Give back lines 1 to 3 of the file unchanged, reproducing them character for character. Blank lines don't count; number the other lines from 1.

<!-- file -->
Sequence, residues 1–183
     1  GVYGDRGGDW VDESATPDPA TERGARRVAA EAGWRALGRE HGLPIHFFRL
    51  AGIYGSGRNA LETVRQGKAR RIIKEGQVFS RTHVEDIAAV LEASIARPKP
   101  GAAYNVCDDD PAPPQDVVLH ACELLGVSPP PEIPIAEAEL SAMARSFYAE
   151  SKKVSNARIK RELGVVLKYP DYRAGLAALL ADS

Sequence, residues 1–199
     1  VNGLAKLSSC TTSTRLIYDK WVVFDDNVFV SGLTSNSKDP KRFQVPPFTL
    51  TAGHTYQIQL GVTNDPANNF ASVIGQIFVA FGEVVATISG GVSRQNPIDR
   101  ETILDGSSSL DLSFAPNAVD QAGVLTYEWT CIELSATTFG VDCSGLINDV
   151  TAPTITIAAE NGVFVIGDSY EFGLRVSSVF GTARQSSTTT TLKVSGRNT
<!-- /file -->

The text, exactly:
Sequence, residues 1–183
     1  GVYGDRGGDW VDESATPDPA TERGARRVAA EAGWRALGRE HGLPIHFFRL
    51  AGIYGSGRNA LETVRQGKAR RIIKEGQVFS RTHVEDIAAV LEASIARPKP